Executive summary

Peru's solid macroeconomic institutions, including fiscal rules, an independent Central Bank and strong financial regulation, have fuelled high economic growth, ensured macroeconomic stability, and substantially reduced poverty over the past two decades. This has allowed the country to mitigate the economic and social impacts of major shocks in recent years. After a significant economic downturn due to the COVID-19 pandemic, the economy bounced back quickly but has since slowed down sharply (Figure 1) amid lower global growth related to Russia’s war of aggression against Ukraine, increased political uncertainty, high inflation, tight financial conditions and more recently widespread social unrest and extreme weather conditions. High metal prices have supported the economy.

The impact of these shocks has manifested in inflationary pressures, with rising prices hitting hard many vulnerable families. Thanks to the swift tightening of monetary policy, inflation expectations have started to ease, and headline and core inflation decelerated but remain high. The Central Bank should maintain a restrictive stance to bring inflation sustainably back to target. While employment has recovered to pre-pandemic levels, job quality has further deteriorated, which together with inflationary pressures could result in persistent higher poverty and inequality.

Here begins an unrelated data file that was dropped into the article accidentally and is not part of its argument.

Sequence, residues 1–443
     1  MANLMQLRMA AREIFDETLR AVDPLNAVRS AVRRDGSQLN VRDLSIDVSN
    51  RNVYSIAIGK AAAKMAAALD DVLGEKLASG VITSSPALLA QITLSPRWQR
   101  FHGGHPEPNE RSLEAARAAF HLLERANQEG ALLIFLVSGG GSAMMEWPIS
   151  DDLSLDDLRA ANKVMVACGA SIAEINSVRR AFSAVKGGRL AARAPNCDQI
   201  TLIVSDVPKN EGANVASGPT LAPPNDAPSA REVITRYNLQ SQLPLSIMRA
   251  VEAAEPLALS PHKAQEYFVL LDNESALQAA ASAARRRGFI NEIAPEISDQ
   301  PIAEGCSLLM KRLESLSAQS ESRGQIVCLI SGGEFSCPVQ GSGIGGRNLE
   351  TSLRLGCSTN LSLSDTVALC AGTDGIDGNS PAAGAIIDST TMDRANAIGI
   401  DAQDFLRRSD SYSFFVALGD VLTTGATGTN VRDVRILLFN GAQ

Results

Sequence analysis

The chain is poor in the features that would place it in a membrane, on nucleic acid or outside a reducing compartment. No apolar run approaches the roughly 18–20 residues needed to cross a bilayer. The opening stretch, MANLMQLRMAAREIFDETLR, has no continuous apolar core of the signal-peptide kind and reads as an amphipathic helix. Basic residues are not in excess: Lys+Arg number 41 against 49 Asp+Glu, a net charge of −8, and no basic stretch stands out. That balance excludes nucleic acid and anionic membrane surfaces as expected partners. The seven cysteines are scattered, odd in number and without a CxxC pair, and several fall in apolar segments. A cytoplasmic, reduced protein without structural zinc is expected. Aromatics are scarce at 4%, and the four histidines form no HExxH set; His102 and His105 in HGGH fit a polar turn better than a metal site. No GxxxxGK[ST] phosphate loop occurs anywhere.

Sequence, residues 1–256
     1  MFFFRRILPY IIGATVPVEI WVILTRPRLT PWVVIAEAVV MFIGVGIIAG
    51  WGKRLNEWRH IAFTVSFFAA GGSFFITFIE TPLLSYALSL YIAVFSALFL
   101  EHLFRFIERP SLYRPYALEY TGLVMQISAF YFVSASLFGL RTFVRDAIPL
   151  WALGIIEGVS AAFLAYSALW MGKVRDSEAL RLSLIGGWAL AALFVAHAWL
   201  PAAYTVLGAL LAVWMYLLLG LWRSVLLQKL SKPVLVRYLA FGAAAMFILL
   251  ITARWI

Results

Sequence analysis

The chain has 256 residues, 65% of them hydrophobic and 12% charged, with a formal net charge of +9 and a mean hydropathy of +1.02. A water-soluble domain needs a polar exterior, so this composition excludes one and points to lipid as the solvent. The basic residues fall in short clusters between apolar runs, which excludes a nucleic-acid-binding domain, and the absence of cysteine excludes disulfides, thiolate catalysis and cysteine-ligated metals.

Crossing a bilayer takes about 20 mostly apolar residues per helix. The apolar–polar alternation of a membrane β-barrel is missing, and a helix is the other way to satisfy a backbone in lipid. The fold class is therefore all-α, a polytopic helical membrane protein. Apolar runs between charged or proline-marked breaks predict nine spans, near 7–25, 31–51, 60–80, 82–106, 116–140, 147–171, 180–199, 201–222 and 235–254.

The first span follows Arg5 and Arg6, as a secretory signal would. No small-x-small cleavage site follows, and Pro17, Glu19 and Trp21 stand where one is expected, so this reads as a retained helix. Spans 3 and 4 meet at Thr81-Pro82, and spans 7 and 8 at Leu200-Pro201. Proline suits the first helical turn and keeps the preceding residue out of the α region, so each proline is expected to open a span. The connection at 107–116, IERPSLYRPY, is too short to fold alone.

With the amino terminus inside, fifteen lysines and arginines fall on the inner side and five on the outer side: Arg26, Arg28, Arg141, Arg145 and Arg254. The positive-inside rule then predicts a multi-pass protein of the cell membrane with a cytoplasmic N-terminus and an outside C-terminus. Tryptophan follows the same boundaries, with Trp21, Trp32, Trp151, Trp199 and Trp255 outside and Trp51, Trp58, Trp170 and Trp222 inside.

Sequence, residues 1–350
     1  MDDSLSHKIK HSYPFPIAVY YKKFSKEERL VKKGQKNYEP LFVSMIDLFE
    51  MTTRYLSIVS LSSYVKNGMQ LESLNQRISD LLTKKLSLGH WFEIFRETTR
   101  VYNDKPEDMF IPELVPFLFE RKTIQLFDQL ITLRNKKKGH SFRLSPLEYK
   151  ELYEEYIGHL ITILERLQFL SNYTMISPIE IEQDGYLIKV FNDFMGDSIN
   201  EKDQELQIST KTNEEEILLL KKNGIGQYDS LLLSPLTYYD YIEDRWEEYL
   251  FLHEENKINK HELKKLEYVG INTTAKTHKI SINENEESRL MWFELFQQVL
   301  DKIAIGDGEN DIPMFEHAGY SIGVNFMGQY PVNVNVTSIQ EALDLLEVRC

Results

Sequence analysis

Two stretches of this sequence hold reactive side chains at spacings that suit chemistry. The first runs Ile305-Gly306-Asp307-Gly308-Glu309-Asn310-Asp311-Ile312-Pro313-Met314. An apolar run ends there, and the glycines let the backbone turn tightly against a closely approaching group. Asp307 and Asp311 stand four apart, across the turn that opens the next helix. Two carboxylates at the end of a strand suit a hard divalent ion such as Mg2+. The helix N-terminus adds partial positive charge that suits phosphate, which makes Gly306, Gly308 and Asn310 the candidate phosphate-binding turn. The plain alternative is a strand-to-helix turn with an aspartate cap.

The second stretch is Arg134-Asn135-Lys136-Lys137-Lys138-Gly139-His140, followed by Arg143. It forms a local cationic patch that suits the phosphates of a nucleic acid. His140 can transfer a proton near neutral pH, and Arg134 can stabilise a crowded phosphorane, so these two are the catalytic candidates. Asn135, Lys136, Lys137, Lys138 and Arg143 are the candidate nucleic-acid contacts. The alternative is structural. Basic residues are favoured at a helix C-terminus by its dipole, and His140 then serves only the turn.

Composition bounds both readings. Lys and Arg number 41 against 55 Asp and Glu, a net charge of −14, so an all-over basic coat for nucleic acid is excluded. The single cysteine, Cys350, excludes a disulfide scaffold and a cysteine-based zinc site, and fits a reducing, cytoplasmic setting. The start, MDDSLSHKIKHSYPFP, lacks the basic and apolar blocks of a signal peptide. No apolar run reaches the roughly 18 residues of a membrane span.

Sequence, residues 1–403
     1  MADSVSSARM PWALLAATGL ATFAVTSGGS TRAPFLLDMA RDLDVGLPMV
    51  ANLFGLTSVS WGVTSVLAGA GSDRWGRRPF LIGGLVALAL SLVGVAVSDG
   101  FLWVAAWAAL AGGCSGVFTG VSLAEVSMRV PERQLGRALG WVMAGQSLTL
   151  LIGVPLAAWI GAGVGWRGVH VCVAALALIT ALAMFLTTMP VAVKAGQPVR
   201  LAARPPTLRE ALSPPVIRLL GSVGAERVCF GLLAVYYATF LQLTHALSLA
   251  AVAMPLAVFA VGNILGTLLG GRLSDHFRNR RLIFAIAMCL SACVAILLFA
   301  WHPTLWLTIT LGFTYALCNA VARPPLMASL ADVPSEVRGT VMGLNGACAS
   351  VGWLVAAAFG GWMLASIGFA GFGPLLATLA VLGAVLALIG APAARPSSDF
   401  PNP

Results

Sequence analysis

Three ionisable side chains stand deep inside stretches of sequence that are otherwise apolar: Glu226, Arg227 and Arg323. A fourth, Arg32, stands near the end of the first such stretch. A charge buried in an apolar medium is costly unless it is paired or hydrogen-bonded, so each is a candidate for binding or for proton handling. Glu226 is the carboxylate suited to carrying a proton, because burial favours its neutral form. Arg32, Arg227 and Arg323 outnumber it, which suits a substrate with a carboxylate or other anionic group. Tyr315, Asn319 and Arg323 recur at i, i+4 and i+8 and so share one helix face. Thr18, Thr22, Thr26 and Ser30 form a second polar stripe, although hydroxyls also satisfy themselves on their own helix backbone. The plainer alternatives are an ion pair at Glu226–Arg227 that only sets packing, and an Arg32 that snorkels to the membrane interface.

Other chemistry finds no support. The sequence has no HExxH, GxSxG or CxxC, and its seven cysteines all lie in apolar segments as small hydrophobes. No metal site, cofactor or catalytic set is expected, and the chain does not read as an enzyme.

Economic growth is projected at 1.1% this year, and gradually pick up to 2.7% in 2024 (Table 1). High interest rates and inflation and political uncertainty will constrain private consumption and investment. Government efforts to relaunch infrastructure investment and several announced PPP projects will support investment. Tourism and copper production are expected to recover and boost exports. Inflation is expected to continue slowing down and reach the 1-3% target range by early 2024. Risks associated with tighter global financial conditions are mitigated by large currency reserves and low public debt. The financial sector remains resilient amid well-capitalised banks, with large liquidity buffers. Political uncertainty and renewed flare-ups in social unrest remain key risks.